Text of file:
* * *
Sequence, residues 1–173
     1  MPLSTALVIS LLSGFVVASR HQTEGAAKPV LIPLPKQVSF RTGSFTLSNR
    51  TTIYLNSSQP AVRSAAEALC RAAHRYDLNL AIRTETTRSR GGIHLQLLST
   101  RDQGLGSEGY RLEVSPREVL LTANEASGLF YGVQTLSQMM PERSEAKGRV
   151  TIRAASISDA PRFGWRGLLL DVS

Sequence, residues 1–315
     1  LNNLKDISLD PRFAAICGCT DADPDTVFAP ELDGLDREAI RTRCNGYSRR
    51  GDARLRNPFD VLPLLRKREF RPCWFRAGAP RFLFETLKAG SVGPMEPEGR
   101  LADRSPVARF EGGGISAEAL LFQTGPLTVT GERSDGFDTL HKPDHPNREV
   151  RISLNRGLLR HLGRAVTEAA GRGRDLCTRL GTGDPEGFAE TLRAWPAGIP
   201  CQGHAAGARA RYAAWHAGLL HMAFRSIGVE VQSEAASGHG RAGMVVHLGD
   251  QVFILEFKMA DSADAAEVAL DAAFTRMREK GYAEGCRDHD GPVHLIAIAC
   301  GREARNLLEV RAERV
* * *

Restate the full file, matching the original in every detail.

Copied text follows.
Sequence, residues 1–173
     1  MPLSTALVIS LLSGFVVASR HQTEGAAKPV LIPLPKQVSF RTGSFTLSNR
    51  TTIYLNSSQP AVRSAAEALC RAAHRYDLNL AIRTETTRSR GGIHLQLLST
   101  RDQGLGSEGY RLEVSPREVL LTANEASGLF YGVQTLSQMM PERSEAKGRV
   151  TIRAASISDA PRFGWRGLLL DVS

Sequence, residues 1–315
     1  LNNLKDISLD PRFAAICGCT DADPDTVFAP ELDGLDREAI RTRCNGYSRR
    51  GDARLRNPFD VLPLLRKREF RPCWFRAGAP RFLFETLKAG SVGPMEPEGR
   101  LADRSPVARF EGGGISAEAL LFQTGPLTVT GERSDGFDTL HKPDHPNREV
   151  RISLNRGLLR HLGRAVTEAA GRGRDLCTRL GTGDPEGFAE TLRAWPAGIP
   201  CQGHAAGARA RYAAWHAGLL HMAFRSIGVE VQSEAASGHG RAGMVVHLGD
   251  QVFILEFKMA DSADAAEVAL DAAFTRMREK GYAEGCRDHD GPVHLIAIAC
   301  GREARNLLEV RAERV